This surge in the BTFP is significant when considered alongside the behavior of the 10-year treasury yield. In early October, the 10-year treasury was around 5%. However, it has since crashed to under 4%, a significant move that signals a potential hard landing in 2024. The mechanics behind the BTFP are crucial to understanding why this is significant. Banks had been holding treasuries on their balance sheets that were losing value due to rising rates. The BTFP was set up to allow banks to sell these treasuries at their original purchase price, despite their decreased market value. This was intended to prevent a liquidity crisis caused by banks being unable to sell these assets due to increased perceived risk in the banking system.
However, as the yield on the 10-year treasury decreases, the price of these treasuries increases. This means that banks holding these treasuries are now making money due to price appreciation. Despite this, the BTFP continues to rise, suggesting that the perceived risk in the banking system is increasing at an alarming rate. In fact, the current yield on the 10-year treasury is lower than it was in March 2023, when the banking crisis first began. Yet, the BTFP is still rising, indicating that the perceived risk in the banking system is potentially greater now than it was at the start of the crisis.
Is the BTFP just a playback of the repo market from 2019?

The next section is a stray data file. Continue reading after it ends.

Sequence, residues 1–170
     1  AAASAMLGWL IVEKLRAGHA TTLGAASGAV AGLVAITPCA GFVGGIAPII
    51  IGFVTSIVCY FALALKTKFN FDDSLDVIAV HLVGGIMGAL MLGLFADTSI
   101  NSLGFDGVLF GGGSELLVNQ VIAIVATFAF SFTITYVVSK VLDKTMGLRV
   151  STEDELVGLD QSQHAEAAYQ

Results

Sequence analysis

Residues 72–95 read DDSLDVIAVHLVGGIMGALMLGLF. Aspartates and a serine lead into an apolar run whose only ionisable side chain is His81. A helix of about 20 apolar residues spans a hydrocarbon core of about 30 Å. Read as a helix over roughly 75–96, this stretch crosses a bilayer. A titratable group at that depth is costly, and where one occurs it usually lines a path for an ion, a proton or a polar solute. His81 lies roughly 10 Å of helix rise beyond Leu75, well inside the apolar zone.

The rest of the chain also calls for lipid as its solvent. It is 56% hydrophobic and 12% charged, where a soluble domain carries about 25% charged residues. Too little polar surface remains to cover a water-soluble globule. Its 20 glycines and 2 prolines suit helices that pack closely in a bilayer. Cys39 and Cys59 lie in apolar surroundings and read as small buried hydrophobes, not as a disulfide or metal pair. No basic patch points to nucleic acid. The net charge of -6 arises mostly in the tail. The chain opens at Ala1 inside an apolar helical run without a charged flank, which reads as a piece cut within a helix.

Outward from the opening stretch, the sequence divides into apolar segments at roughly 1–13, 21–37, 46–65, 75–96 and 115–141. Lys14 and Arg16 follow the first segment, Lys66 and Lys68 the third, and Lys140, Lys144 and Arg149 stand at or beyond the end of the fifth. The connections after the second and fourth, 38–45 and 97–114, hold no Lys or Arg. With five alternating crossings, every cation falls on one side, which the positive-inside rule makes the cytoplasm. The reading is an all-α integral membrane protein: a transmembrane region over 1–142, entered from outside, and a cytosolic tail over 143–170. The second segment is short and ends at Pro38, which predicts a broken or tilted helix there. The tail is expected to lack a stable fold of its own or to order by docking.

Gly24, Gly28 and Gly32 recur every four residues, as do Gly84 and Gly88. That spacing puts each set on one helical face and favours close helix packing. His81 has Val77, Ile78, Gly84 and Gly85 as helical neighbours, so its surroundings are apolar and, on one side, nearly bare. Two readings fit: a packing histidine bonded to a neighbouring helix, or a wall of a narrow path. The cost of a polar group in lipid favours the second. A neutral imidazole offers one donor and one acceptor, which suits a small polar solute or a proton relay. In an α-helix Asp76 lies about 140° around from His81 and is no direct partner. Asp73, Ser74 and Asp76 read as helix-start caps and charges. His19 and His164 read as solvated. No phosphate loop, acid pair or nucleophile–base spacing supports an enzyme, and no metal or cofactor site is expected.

In September 2019, the overnight loan rate spiked from an average of about 2% to 10%, indicating that one or more financial firms were in trouble. This led to the Fed making billions of dollars in emergency repo loans available daily to 24 trading houses on Wall Street, most of which were owned by mega banks. However, the specific banks and the amounts they borrowed were not disclosed, making it impossible for the public to identify which firms were experiencing a severe liquidity crisis.
This was the first time the Fed had intervened in the repo market since the 2008 financial crash, another crisis that federal banking regulators failed to foresee. The emergency repo loan program lasted from September 17, 2019, until July 2, 2020.
In response to the spring banking crisis of 2023, which saw the rapid failure of First Republic Bank, Silicon Valley Bank, and Signature Bank, the Federal Reserve introduced a new bailout program known as the Bank Term Funding Program (BTFP). This program provides loans for up to one year. This is quite similar to the duration of the emergency repo loan program as well.
So a rundown between the two. A banking crisis occurs and then an emergency facility that lasts for one year is setup to inject liquidity into the financial system to prevent a market crash. In 2020 we have a market crash anyway but this crash is attributed to covid. It seems highly likely that the 2019 crisis played a major role in the market as well and yet it is never mentioned when talking about the covid crash. We shall see if this same playbook plays out in 2024.